The holiday season is a wonderful time for family and friends to gather together, but it can also present risks to pets. Below are tips to keep them safe.
Keep pets on their regular diets. New foods can cause abdominal pain, vomiting, or diarrhea. If you want to treat your pets to turkey, peel the skin off and cut the meat into bite-sized pieces. Cranberries, carrots, green beans, peas, pumpkin, and cooked sweet potato are options too. Give treats in moderation.
Avoid turkey skin and bones, gravy, alcohol, Allium Species (onions, garlic, chives, and leeks), grapes and raisins, nuts, and chocolate. Turkey skin contains too many oils and spices. Bones can break into pieces, which can irritate the stomach or intestines or lodge in the esophagus. Gravy is fatty and can cause pancreatitis. A small amount of alcohol can cause disorientation or even death. Nuts are a choking hazard and can contain toxins. Allium Species can destroy red blood cells. Raisins and grapes can damage the liver. Chocolate can cause vomiting, diarrhea, or even heart failure. Be sure not to give your pets dishes that contain any of the above ingredients or that contain any unknown ingredients.
Keep your pets out of the kitchen, which is often the busiest room in the house during the holiday season. Hot stoves pose a burn hazard year-round, but they’re especially dangerous when you’re preparing a holiday feast. With hot dishes being whisked from one counter to the next, underfoot pets can easily be burnt. Use aluminum foil, plastic wrap, and food packaging can smell as tasty as the foods they once protected, and swallowing any of these can give your pet a dangerous intestinal obstruction.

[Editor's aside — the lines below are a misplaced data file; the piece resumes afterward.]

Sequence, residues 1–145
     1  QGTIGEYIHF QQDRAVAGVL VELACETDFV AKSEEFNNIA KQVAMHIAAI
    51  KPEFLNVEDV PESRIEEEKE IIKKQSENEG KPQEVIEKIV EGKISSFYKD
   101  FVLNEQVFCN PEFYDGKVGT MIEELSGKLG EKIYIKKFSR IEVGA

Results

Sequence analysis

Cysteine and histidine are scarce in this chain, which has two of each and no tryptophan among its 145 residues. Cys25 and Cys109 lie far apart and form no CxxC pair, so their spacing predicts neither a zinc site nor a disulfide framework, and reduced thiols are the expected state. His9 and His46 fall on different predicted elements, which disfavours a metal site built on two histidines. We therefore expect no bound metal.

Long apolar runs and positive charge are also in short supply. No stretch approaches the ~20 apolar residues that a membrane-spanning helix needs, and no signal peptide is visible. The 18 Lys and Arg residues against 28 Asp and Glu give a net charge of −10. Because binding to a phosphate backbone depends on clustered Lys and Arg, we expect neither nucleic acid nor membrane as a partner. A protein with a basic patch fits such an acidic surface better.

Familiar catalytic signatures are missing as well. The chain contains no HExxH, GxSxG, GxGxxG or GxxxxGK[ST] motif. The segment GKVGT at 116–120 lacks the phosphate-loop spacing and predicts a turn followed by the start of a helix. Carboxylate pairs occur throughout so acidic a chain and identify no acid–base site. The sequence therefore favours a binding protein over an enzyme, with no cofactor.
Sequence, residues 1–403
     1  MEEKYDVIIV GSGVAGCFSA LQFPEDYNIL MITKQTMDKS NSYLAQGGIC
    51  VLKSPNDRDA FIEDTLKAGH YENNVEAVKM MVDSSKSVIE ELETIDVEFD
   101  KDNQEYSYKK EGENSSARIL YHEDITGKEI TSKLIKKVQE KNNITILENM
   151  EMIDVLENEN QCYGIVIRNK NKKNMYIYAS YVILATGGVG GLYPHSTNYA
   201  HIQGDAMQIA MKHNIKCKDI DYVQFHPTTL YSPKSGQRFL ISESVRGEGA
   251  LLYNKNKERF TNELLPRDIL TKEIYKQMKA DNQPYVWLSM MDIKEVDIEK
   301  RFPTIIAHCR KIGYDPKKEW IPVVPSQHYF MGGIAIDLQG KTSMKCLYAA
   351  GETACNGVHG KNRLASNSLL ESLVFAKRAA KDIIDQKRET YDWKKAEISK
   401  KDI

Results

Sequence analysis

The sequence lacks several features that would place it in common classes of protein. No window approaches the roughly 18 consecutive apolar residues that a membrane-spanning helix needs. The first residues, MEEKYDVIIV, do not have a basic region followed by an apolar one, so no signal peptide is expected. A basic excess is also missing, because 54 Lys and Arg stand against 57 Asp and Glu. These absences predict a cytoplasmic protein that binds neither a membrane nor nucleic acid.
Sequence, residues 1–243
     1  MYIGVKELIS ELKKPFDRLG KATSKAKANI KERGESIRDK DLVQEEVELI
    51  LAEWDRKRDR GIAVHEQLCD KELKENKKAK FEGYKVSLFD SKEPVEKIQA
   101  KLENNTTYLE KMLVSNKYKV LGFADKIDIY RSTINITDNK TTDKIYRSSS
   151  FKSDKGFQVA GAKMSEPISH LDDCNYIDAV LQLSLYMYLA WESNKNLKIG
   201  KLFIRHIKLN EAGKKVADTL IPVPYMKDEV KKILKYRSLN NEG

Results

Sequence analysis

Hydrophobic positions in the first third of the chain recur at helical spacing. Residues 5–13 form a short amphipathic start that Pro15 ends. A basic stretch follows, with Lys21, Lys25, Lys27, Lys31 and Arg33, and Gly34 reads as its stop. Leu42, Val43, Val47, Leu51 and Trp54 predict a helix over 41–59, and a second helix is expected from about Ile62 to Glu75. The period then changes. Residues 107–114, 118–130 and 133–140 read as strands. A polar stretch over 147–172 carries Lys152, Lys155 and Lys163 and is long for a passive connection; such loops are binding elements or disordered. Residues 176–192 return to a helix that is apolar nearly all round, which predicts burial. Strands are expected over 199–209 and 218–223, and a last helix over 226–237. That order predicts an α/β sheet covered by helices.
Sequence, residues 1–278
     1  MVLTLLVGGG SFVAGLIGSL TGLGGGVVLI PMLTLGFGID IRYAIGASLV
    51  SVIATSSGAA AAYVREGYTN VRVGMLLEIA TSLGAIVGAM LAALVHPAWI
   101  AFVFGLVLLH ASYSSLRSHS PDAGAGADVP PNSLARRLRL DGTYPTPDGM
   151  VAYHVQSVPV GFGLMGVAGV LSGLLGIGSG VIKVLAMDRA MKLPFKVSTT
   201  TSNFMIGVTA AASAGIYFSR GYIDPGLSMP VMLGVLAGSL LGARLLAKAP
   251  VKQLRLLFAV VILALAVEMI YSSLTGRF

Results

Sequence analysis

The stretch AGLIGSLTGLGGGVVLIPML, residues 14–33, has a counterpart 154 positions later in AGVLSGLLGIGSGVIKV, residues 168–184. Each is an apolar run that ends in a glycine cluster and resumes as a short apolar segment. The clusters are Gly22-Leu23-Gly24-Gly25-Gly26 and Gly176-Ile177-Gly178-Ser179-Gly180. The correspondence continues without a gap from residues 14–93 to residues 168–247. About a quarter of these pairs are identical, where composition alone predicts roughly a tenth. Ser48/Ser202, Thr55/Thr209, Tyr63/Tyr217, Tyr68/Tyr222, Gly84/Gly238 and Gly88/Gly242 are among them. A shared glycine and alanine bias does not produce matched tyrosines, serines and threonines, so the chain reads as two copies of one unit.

While decorations might be pretty, they present a dangerous temptation. Stagnant tree water can cause nausea or diarrhea if drunk, while confetti, tinsel, and wrapping paper can become lodged in the digestive tract if consumed. Fairy lights, if chewed, can lead to burns and electrocution. Candles flames can burn curious noses and playful paws. There’s also the risk of candles falling when brushed against. Snow globes often contain anti-freeze; a small sip can be fatal. Salt dough ornaments, with their large amounts of salt, can be equally fatal. Holly, ivy, mistletoe, and poinsettias might cause an upset stomach; lilies are lethal.
Some pets adapt well to the hustle-and-bustle of guests. For those that don’t, distract them with toys, puzzle feeders, or by inviting guests to play with them. In addition, maintain a regular schedule for food and exercise, ensure fresh water is available, and provide a quiet space to retreat from commotions.Lincoln Animal Ambassadors wishes you a happy and safe holiday season. Thank you for your support over the past year. LAA looks forward to serving you again in the new year.